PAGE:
But that doesn’t work over night.

Discipline means trying again and again and again, until it does. It means you keep going even though there’s no instant gratification. You have to keep your eyes on the finish line, keep the engine running and those wheels spinning every day until you get there—and then shoot past it and go even further.

Discipline means creating momentum, so that it can push you through the hard times, and see you to the other side where all your other cumulated efforts (the honing of your skills, the generous networking, and your growing industry savvy) are ready to greet you and push you further still.

A successful writing career is not a miracle. It’s the sum total of many little efforts and many little victories, strung together with a clear purpose. We’re already way ahead of the game if we understand this, and learn to use it. True story.

 

9 Replies to “The Double Ds of Writing Fiction”

  1. Excellent post, V. I write on the side, unfortunately, It’s painful, but I have a family to feed. Wish I had a normal job with normal hours, but instead I’m in a high profile job with mad-traveling! Discipline is very important to me since my writing time is so limited, so when I write, I’m focused like a laser.

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    1. Thanks, Jay. Sounds like your job’s interfering with your writing, haha. 😀

      I have a day job too, though it’s not as disruptive of my writing as yours. I’m sure only a small amount of writers can actually make a living by writing fiction full-time, and they’re most likely at it since the time of the dinosaurs. 🙂

      Discipline and smart time & effort management are most important to exactly people like us, who can’t be writers full-time. Thanks for pointing that out. 🙂

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  2. Superb post, Vero. I have been struggling to get myself disciplined in writing and in life, so this has been a great read for me. I guess there will be many small victories in my future. ; D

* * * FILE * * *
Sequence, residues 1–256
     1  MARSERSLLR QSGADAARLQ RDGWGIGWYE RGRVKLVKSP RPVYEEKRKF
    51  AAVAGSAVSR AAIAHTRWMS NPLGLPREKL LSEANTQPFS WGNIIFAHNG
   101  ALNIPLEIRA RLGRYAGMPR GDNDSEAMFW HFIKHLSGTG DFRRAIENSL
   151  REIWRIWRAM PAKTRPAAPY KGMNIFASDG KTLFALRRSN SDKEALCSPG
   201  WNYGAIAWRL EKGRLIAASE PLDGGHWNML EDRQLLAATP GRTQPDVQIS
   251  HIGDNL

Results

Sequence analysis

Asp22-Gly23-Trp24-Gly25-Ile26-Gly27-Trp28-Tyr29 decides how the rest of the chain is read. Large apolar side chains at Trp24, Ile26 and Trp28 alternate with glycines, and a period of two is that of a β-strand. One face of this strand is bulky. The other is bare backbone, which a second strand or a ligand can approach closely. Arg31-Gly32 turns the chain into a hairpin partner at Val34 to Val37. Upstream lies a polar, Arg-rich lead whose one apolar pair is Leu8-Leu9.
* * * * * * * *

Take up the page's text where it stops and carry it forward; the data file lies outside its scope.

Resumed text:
By the way, was the whole “double d” (DD) part of the title or am I reading things into it?

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    1. Thanks, Andrew! I’m very glad you found it useful. Where there’s a will, there’s always a way, so I wish you perseverance and the victories will come. 🙂

      As to the title… double Ds sound a bit more interesting than “dedication and discipline”, which might bring up some unpleasant connotations, and it’s still accurate. LOL 😀

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  3. You know, I’m wracking my brain trying to think of one instance that you actually posted something I disagreed with, and I just can’t seem to find anything. Another quality post, Vero! But this one might be the one I agree with the very most. Dedication and discipline are so important for writers.

    That same freedom and relief that comes with being your own boss can also ruin you if you aren’t willing to really be your own boss. If you were the boss, you wouldn’t let your employee take an extra break because their heart wasn’t in the work, would you? You wouldn’t be okay with an underling taking random days off because they just weren’t “feeling it” that day. If you were a good boss, you’d be pushing your charges toward success by keeping the wheels turning. And if you’re going to take writing seriously, you have to do that with yourself!

    Now if you’ll excuse me, I have boobs to think about. #sadface

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    1. Thank you, James, and wow, what a great way to put it — being serious about your career means becoming your own boss and acting like one! Exactly!

      Ha! I know what will bring about the zombie apocalypse this December!! Something will crawl out of the pits of hell that we two will have opposite opinions about, and a giant chasm will rip apart the time-space continuum and monsters will gush out and destroy the universe and ruin Christmas for everybody forever, the end. 😀